$1.2B Nunavut to Manitoba road would be a "tough sell"
The fact is Canada does not make economic sense -- looking at economics only Canada would be far better folded into the North American market. If we want a nation, as opposed to a loose federation of local places, we need to have proper land links. Look at Alaska -- that State has proper highways.
Officials say if road is built, it must be for national, not economic, reasons
A study obtained by CBC News shows the cost of a road from Manitoba to Nunavut would likely far outweigh its economic benefits.
However, Canada was built by rail, road and waterways, and people who are pushing for a land link between Nunavut and the South believe the country still has one major piece of nation-building left.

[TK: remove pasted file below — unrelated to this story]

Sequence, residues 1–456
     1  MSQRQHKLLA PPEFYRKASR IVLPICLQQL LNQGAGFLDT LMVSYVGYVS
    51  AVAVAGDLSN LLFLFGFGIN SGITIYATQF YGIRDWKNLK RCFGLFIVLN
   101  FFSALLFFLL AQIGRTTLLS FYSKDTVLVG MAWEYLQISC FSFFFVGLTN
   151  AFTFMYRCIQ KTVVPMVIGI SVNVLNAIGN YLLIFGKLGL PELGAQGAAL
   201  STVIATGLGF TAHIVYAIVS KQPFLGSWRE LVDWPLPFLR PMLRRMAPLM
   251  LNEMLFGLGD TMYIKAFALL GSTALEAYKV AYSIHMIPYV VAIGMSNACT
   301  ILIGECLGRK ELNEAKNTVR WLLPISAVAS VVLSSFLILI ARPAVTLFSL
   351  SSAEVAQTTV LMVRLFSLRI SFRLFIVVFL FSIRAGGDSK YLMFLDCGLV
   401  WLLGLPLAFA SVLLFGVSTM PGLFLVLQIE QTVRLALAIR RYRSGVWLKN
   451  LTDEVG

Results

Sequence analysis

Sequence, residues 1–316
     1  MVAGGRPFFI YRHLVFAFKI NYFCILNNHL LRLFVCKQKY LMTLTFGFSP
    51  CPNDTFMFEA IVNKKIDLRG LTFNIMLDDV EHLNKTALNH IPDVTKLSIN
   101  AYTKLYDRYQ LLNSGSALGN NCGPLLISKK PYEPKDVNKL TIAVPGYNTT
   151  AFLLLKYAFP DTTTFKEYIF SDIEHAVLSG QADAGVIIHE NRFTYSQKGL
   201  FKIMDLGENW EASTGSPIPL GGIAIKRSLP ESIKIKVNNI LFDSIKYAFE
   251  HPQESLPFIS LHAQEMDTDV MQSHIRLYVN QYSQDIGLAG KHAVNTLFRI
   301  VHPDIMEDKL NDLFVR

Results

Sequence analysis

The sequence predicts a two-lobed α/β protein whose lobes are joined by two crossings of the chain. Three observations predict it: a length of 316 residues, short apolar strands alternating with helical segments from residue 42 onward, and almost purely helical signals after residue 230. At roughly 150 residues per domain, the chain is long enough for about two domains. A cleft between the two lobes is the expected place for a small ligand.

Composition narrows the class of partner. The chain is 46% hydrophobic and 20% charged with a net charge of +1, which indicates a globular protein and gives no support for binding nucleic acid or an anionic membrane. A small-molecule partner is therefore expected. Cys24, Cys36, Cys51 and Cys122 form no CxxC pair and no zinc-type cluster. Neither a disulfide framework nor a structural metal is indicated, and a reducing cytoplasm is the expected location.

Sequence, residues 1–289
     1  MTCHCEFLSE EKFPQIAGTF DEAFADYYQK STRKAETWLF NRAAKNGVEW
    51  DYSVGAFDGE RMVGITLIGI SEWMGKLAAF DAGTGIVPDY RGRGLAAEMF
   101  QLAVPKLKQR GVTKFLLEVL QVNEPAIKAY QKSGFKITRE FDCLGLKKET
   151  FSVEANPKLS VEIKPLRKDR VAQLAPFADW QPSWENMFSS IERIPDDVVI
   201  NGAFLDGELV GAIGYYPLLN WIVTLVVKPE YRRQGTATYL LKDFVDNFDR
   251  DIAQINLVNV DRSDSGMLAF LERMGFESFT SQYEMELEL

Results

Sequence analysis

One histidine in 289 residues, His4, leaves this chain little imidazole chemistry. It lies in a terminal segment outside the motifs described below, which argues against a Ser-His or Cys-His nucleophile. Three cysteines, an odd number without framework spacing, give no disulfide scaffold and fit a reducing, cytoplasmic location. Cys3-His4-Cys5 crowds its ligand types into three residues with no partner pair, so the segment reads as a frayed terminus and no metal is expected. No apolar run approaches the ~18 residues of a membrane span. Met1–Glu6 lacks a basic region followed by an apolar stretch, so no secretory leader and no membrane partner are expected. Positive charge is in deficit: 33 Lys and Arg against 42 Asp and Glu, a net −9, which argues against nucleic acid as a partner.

"Nunavut is joined to the rest of Canada by only the thinnest of threads," said Nunavut Premier Eva Aariak.
Aariak told a Toronto audience last year that Nunavut clings to confederation without a single ground link to the South.
For years, Nunavut and Manitoba have talked about an all-weather road connecting the two regions.
Eva Aariak, Nunavut's Premier, said the territory clings to Confederation by the thinnest of threads because it has no road link to the rest of the country.(CBC)
A recently released business case study shows a road from Rankin Inlet, Nunavut, to Sundance, Man., would cost $1.2 billion. The study also shows the 1,100-kilometre road would generate less than half that amount in benefits.
"This is a tough sell, it's a tough sell on the economics, and it's a tough sell just because of the magnitude of it," said Shawn Maley, a spokesperson for the Nunavut government.